The Festival of the Nine Emperors

helgalubevi
helgalubevi @helgalubeviJuly 2019 · 6 min read

For me, Malaysia was an impressive country in many ways. Exuberant nature, millennial traditions, different cultures. Just because of three different cultures (Chinese Peranakans, Malays, and Hindus) that share the same territory, Malaysia has enough features to be a very unique country. In three months of living in Penang, an island located in the North, I had the opportunity to experience a bit of this incredible multicultural country. And among all I saw, participated and experienced, nothing was more impressive than the Festival of the Nine Emperors, a Taoist celebration to purify the body and soul. Also known as Vegetarian Festival, the event lasts nine days and is popular not only in Malaysia but also in some places in Indonesia and Thailand.

The celebrations begin in the new month of the Chinese lunar calendar (around the middle of October) and during the period the faithful people fast and practice abstinence from sex and alcohol.

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Taoism and vegetarianism

Taoism is a philosophy and also a religion that understands balance as the governing force of all things. Many people know the Yin Yang, the symbol of Taoism that translates the ideas of opposing energies, duality and balance.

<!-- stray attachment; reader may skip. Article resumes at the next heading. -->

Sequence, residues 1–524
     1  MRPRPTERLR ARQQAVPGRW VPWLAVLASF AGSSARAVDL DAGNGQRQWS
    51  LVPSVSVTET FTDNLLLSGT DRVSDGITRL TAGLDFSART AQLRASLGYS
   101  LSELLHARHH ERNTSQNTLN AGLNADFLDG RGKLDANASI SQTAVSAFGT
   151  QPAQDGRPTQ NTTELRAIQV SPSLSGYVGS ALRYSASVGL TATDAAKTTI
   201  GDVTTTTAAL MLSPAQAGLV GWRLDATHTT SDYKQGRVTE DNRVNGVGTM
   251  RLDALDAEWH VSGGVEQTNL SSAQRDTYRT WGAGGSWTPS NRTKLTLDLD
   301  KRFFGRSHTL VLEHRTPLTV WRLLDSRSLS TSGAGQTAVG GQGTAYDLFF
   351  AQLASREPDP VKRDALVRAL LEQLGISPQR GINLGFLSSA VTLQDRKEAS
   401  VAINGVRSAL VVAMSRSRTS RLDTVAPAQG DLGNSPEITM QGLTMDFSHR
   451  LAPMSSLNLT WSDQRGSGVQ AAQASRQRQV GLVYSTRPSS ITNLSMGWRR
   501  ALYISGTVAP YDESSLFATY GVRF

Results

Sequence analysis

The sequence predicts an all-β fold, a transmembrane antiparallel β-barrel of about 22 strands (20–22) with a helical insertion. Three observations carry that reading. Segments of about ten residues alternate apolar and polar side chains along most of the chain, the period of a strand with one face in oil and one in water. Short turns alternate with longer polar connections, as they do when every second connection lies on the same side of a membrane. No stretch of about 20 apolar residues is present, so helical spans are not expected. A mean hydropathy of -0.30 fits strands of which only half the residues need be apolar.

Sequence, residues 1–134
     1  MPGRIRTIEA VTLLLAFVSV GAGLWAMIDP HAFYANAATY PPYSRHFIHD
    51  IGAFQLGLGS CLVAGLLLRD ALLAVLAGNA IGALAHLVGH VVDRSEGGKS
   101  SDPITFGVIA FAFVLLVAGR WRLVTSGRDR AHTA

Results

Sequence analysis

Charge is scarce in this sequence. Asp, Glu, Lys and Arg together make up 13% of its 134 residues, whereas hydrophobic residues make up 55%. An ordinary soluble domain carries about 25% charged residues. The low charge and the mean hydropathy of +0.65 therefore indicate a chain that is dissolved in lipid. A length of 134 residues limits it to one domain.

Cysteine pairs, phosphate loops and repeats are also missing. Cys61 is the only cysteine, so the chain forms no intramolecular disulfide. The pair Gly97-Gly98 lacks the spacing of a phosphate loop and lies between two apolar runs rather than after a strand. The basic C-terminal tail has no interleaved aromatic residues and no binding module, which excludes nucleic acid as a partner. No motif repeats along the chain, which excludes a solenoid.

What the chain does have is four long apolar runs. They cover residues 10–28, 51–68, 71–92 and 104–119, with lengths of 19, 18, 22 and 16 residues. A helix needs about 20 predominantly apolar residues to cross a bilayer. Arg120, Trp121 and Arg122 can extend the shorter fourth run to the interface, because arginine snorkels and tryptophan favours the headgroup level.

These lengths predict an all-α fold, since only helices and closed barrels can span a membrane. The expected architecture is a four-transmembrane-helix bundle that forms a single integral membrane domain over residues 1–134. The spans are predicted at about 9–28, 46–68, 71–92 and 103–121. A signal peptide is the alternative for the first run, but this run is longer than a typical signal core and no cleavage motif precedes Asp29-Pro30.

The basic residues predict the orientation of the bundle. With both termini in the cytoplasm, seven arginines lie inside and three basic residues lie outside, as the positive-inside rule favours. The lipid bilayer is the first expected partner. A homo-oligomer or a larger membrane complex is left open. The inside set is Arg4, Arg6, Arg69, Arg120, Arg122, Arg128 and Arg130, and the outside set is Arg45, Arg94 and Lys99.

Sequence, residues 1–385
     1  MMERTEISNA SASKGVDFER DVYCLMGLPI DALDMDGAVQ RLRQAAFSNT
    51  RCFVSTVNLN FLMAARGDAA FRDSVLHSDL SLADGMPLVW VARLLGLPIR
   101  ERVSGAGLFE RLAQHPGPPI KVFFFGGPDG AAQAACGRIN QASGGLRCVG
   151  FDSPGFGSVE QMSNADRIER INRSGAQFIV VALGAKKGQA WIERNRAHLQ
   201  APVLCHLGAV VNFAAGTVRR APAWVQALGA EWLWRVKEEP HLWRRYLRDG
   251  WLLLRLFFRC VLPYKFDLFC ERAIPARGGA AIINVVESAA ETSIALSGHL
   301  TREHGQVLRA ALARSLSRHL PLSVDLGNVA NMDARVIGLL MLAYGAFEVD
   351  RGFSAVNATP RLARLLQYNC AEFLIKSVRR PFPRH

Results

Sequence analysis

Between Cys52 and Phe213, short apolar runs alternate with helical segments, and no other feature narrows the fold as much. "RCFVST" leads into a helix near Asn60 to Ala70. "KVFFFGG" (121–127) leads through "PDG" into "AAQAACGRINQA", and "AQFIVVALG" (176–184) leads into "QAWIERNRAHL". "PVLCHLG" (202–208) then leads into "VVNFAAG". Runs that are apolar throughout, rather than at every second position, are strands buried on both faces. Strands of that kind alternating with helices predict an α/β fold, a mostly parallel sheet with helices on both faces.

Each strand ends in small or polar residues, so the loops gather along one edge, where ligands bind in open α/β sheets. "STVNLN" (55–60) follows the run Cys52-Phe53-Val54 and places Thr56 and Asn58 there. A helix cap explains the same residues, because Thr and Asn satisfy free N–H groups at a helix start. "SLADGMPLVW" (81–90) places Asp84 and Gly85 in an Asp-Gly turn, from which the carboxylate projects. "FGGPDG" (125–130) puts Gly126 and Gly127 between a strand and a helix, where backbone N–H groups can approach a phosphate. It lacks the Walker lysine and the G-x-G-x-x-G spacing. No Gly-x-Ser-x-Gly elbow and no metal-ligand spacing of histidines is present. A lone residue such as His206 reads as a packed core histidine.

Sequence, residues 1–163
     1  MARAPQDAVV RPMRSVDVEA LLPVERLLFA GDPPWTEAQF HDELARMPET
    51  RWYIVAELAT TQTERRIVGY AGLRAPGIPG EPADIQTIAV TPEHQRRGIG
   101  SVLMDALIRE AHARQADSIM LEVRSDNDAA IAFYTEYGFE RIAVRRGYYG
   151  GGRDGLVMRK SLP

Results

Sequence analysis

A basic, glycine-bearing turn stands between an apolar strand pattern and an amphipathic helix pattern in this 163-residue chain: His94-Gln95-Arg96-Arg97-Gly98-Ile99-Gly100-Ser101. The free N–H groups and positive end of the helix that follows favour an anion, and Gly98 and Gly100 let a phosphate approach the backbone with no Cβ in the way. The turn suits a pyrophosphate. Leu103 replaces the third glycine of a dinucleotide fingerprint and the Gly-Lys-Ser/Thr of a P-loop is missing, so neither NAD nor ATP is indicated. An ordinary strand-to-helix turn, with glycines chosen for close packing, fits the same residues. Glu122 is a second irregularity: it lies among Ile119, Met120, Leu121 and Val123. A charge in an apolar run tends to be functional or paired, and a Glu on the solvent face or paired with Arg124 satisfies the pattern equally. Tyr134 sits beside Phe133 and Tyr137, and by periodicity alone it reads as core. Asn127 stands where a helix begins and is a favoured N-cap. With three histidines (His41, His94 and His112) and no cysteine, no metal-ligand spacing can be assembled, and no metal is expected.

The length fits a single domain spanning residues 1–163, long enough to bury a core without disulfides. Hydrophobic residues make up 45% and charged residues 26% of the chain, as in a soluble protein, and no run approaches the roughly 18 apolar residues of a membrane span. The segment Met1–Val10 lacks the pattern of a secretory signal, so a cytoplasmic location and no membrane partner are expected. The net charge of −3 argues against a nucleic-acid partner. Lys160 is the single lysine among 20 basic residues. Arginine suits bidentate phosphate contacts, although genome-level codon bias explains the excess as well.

Having the balance as the basis of everything, Taoism also encourages its followers to have a vegetarian diet. Although vegetarianism is not mandatory, during the nine days of the Festival the followers only eat vegetarian dishes.

In Southeast Asia, in general, it is very common to find restaurants with a yellow and red flag, indicating respect for the principles of Taoism. In general, these restaurants are vegetarian or, at least, have a good variety of vegetarian dishes.

Although religion and diet are not directly associated, tofu, a famous vegetarian cheese made from soybeans, was invented by Chinese Taoists.

During the Festival in Penang, in front of the temples, there are several tents where vegetarian food is served for free. The dishes are delicious and I had the opportunity to try some!

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Scourging and purification

One of the highlights of the Festival, however, is on a ninth day, when some faithful people are flagellated as a way to purify themselves. On that day, a big party takes place, with the right to the fireworks, procession, food, and money that is given in the street. The impressive scenes of spears with 10 kilos weight that cut the cheeks of the faithful without any anesthesia are breathtaking. Scenes like that often made me squeeze my eyes without the courage to see.

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Cutting the cheeks with a spear, applying needles on the back, sitting on chairs with blades, holding incandescent iron objects are just a few of the purification rituals, which are accompanied by hundreds of followers in front of the temples.

In terms of flagellation, Malaysia is considered a "light" country. While Malaysian Taoists use larger and more specific objects for flogging rituals in Thailand, followers do not seem to have many limits. Petrol pumps, machetes, and objects of all sizes and thickness cut through the skin and face of the faithful. The impalament is also something practiced.

The nine emperors